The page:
Apache Kafka is a widely known event-streaming platform that makes use of a publish/subscribe messaging sample. It’s a frequent selection for event-driven architectures attributable to its intensive ecosystem, scalability (the results of its fault-tolerance skills), storage system, and stream processing skills.

Lastly, we are going to use Confluent as our cloud platform to effectively handle Kafka and supply out-of-the-box infrastructure. AWS MSK is one other glorious possibility when you’re utilizing AWS infrastructure, however Confluent is less complicated to arrange as Kafka is the core a part of its system and it presents a free tier.

Implementing the Mission Blueprint

We’ll arrange our Kafka microservices instance in Confluent Cloud, create a easy message producer, then set up and enhance it to optimize scalability. By the top of this tutorial, we can have a functioning message producer that efficiently sends knowledge to our cloud cluster.

Kafka Setup

We’ll first create a Kafka cluster. Kafka clusters host Kafka servers that facilitate communication. Producers and customers interface with the servers utilizing Kafka subjects (classes storing information).

  1. Join Confluent Cloud. When you create an account, the welcome web page seems with choices for creating a brand new Kafka cluster. Choose the Primary configuration.
  2. Select a cloud supplier and area. It is best to optimize your selections for one of the best cloud ping outcomes out of your location. One possibility is to decide on AWS and carry out a cloud ping take a look at (click on HTTP Ping) to determine one of the best area. (For the scope of our tutorial, we are going to go away the “Single zone” possibility chosen within the “Availability” subject.)
  3. The subsequent display asks for a cost setup, which we will skip since we’re on a free tier. After that, we are going to enter our cluster identify (e.g., “MyFirstKafkaCluster”), affirm our settings, and choose Launch cluster.
The Confluent “Create cluster” screen with various configuration choices for the “MyFirstKafkaCluster” cluster and a “Launch cluster” button.
Kafka Cluster Configuration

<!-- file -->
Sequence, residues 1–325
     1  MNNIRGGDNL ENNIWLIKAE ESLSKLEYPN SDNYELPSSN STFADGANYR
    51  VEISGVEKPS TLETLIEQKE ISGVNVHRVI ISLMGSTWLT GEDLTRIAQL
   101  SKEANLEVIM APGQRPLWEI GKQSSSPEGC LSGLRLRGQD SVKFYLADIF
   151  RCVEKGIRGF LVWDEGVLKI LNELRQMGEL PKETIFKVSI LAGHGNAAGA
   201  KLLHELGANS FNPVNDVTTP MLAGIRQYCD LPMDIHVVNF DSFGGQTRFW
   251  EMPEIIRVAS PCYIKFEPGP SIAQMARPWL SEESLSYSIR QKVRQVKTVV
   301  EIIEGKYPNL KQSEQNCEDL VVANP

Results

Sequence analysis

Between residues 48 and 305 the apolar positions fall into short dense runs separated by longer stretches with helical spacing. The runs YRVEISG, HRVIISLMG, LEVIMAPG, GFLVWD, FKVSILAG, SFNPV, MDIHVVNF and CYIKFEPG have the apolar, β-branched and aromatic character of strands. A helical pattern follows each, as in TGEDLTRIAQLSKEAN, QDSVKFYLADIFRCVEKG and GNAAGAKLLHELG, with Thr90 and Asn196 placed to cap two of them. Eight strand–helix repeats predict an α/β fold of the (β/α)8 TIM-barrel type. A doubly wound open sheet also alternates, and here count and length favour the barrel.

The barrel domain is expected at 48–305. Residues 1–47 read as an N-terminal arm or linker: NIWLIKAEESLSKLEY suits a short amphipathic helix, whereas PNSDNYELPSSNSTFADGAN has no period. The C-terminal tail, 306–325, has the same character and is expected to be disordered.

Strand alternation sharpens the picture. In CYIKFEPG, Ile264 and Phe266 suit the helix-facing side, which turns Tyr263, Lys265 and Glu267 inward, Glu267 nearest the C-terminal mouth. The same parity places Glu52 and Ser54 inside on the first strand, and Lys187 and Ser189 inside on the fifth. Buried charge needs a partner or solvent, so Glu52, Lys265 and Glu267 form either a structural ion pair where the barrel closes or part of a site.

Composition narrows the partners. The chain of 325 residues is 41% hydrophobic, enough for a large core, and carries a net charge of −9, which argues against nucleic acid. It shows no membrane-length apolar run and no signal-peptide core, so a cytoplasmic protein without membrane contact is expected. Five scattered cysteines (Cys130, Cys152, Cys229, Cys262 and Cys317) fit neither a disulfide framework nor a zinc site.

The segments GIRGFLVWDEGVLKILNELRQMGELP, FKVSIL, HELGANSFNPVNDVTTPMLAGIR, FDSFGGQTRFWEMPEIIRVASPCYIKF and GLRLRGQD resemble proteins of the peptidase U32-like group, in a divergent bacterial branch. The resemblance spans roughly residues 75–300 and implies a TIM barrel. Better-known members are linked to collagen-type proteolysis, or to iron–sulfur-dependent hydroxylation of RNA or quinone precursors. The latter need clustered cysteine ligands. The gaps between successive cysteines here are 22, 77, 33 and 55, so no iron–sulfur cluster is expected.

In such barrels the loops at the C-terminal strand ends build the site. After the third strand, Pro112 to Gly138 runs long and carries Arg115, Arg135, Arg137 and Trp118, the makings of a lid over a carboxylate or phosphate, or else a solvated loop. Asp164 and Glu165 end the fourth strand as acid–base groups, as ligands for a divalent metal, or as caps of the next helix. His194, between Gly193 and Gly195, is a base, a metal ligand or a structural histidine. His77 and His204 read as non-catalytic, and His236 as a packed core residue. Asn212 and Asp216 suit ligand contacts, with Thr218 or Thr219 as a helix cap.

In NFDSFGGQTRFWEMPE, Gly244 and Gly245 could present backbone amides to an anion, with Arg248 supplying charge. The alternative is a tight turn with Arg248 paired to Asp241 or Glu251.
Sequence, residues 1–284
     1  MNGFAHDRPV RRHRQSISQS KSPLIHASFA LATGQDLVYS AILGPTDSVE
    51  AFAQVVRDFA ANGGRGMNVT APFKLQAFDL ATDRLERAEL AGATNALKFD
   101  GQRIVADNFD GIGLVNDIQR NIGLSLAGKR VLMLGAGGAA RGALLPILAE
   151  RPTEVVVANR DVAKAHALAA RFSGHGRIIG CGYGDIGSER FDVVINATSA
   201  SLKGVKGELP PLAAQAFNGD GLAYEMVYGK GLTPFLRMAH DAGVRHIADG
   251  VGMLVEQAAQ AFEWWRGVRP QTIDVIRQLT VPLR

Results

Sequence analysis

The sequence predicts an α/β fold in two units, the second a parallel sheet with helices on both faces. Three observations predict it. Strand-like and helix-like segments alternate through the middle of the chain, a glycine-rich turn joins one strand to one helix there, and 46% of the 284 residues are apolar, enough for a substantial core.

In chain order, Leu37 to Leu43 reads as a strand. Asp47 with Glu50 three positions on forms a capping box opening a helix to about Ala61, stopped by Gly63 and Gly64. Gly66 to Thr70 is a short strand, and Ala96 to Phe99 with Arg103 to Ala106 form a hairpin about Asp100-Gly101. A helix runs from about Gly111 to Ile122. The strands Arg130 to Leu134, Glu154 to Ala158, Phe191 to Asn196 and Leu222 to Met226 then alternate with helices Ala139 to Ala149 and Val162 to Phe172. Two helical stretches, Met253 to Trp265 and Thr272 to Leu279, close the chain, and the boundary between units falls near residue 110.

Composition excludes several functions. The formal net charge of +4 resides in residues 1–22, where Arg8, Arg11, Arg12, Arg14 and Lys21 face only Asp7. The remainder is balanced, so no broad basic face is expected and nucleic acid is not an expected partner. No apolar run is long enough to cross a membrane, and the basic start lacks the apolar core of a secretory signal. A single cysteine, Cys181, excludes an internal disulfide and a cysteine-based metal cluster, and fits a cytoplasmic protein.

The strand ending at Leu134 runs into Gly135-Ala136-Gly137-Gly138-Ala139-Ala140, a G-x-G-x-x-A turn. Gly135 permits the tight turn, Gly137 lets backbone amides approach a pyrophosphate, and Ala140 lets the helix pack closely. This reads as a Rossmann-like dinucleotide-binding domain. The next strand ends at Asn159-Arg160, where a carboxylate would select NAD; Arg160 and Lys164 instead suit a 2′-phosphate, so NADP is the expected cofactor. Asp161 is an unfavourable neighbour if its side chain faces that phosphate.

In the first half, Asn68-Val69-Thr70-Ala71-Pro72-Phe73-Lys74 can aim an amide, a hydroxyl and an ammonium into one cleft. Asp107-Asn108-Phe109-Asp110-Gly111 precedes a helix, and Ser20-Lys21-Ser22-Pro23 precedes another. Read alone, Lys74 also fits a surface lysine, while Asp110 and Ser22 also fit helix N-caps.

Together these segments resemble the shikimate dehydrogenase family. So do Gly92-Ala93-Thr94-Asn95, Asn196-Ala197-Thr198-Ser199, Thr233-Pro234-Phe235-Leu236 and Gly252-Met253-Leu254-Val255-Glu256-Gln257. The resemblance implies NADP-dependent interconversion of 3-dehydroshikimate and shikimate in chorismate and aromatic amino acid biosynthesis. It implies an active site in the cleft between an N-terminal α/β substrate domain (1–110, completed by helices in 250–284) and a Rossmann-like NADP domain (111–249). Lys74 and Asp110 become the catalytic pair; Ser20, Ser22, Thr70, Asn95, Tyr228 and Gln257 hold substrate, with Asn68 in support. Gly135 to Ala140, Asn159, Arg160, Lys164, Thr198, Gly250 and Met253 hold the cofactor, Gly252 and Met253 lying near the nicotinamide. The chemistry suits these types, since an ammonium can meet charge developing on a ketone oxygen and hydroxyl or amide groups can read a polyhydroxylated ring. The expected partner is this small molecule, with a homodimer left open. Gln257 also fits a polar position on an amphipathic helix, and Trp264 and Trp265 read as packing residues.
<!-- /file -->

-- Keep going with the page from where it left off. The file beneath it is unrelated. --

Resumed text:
With a working cluster, we’re able to create our first subject. Within the left-hand menu bar, navigate to Matters and click on Create subject. Add a subject identify (e.g., “MyFirstKafkaTopic”) and proceed with the default configurations (together with setting six partitions).

Earlier than creating our first message, we should arrange our shopper. We are able to simply Configure a shopper from our newly created subject overview (alternatively, within the left-hand menu bar, navigate to Shoppers). We’ll use Python as our language after which click on Create Kafka cluster API key.

The Confluent Clients screen showing step 2 (client code configuration) with the Kafka cluster API key setup and the configuration code snippet.
Kafka Cluster API Key Setup

At this level, our event-streaming platform is lastly able to obtain messages from our producer.

Easy Message Producer

Our producer generates occasions and sends them to Kafka. Let’s write some code to create a easy message producer. I like to recommend organising a digital atmosphere for our challenge since we will probably be putting in a number of packages in the environment.

First, we are going to add the environment variables from the API configuration from Confluent Cloud. To do that in our digital atmosphere, we’ll add export SETTING=worth for every setting under to the top of our activate file (alternatively, you possibly can add SETTING=worth to your .env file):

export KAFKA_BOOTSTRAP_SERVERS=<bootstrap.servers>
export KAFKA_SECURITY_PROTOCOL=<safety.protocol>
export KAFKA_SASL_MECHANISMS=<sasl.mechanisms>
export KAFKA_SASL_USERNAME=<sasl.username>
export KAFKA_SASL_PASSWORD=<sasl.password>

Ensure to interchange every entry together with your Confluent Cloud values (for instance, <sasl.mechanisms> must be PLAIN), together with your API key and secret because the username and password. Run supply env/bin/activate, then printenv. Our new settings ought to seem, confirming that our variables have been accurately up to date.

We will probably be utilizing two Python packages:

We’ll run the command pip set up confluent-kafka python-dotenv to put in these. There are various different packages for Kafka in Python which may be helpful as you broaden your challenge.

Lastly, we’ll create our primary producer utilizing our Kafka settings. Add a file:

import os

from confluent_kafka import KafkaException, Producer
from dotenv import load_dotenv

def principal():
    settings = {
        'bootstrap.servers': os.getenv('KAFKA_BOOTSTRAP_SERVERS'),
        'safety.protocol': os.getenv('KAFKA_SECURITY_PROTOCOL'),
        'sasl.mechanisms': os.getenv('KAFKA_SASL_MECHANISMS'),
        'sasl.username': os.getenv('KAFKA_SASL_USERNAME'),
        'sasl.password': os.getenv('KAFKA_SASL_PASSWORD'),

    producer = Producer(settings)
    producer.flush()  # Anticipate the affirmation that the message was acquired

if __name__ == '__main__':

With this easy code we create our producer and ship it a easy take a look at message. To check the consequence, run python3

Confluent’s Cluster Overview dashboard, with one spike appearing in the Production (bytes/sec) and Storage graphs, and no data shown for Consumption.
First Take a look at Message Throughput and Storage